The majority of data contamination and loss of intellectual property occurs as a result of security breaches within an organisation. For this reason, South African businesses are urged to tighten up the security of their internal data stores in order to maintain their competitive advantage.
For many companies, data and information storage is concurrently their most valuable asset and greatest vulnerability. A recent study conducted by IT company, Magix, indicated that up to 80% of data breaches are caused by unintentional errors by staff. Furthermore, 45% of companies surveyed said they do not monitor database access, and a mere 14% were able to detect whether unauthorised devices were attached to their corporate network. It is not hacking alone that companies need to look out for. Hacking involves sophisticated and invasive coding where the challenge is usually simply to gain entry into a closed system. The greater danger is internal security breaches such as password sharing and the circulation of unprotected emails within a company which allow criminals access to confidential information.
A security system is only as good as the people who are using it. Technology is still an evolving not a natural concept to many South African employees who do not always understand the consequences of what they are doing with the data – and why passwords and protocols are necessary.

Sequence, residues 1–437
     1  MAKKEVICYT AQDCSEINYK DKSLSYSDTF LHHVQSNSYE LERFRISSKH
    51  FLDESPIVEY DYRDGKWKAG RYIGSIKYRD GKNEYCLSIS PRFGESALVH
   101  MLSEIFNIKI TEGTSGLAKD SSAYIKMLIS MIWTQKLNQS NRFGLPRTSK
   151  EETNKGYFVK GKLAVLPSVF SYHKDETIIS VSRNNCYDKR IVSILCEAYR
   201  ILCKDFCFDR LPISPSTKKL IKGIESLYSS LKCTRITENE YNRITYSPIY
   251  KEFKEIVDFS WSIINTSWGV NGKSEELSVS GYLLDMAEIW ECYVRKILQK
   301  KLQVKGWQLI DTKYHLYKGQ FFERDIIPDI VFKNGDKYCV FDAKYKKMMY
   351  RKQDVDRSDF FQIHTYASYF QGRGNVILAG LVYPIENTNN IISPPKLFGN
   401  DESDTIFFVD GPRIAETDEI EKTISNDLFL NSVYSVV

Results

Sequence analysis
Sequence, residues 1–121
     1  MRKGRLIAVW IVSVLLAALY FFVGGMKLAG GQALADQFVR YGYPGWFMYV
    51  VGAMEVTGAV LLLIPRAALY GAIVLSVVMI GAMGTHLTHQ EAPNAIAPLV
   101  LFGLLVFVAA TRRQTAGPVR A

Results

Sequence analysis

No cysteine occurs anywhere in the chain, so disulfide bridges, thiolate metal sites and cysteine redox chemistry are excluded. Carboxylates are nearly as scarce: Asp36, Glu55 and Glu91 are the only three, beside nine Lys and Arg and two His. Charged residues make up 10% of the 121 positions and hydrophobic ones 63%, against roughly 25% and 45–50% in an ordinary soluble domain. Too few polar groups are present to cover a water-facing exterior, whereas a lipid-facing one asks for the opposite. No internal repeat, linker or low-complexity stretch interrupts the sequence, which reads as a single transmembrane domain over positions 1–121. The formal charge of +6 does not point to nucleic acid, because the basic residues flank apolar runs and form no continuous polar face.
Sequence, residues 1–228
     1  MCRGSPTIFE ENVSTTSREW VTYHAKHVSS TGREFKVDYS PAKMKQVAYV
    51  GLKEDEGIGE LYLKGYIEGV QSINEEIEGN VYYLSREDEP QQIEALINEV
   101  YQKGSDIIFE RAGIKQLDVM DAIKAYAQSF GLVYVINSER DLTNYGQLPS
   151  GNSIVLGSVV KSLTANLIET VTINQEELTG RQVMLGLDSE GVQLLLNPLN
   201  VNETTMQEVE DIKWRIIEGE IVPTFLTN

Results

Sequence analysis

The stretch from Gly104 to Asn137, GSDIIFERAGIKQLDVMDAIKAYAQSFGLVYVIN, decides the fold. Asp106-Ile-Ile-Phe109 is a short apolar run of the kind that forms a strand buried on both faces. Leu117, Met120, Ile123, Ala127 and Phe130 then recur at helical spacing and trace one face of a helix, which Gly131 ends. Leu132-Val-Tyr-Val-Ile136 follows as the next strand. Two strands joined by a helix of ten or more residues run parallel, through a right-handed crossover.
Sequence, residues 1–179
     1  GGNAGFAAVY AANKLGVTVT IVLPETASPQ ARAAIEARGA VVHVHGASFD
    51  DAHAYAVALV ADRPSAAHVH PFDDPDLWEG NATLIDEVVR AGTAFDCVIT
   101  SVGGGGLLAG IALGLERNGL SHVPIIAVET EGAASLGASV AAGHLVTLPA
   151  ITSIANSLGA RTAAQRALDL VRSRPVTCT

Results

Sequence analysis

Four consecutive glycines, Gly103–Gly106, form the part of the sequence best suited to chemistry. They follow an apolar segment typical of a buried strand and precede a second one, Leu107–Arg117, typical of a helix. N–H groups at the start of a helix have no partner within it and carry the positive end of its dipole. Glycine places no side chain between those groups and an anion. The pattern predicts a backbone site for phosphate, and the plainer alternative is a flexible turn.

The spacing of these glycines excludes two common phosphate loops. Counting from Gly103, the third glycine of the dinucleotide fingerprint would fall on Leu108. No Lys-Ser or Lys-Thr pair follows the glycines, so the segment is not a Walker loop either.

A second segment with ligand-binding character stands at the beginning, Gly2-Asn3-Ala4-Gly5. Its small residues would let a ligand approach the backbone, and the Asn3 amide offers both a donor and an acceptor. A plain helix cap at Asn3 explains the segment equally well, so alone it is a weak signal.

Companies should carefully screen the employees who will be handling confidential company information. At a basic level, this can be done by means of a simple credit check. It is also vital that employees are trained on how to use internal systems so that they can be held accountable for the security of the data. There is no point in having state-of-the-art firewalls and anti-virus programmes in place if your employees do not know how to check if the protection is valid and working.
It is in companies’ best interests to incorporate automated tests into their network system which will conduct regular security checks. These tests should run in conjunction with everyday activities. They generate activity reports for individual IP addresses, which not only enforce individual accountability for data security, but also enable companies to reassure their customers and clients as to the confidentiality of the information that they share. It is also important to commission regular penetration and vulnerability tests which assess the effectiveness of the security measures and can detect the possibility of an internal or external breach of security.
The nature of business today means that companies are storing huge amounts of data on central servers. This data is used by company executives, CEOs and junior employees alike and most of this information may be construed as confidential and sensitive. The challenge is to implement processes and procedures that allow the appropriate people access to the system, but ensure the security of the data at the same time.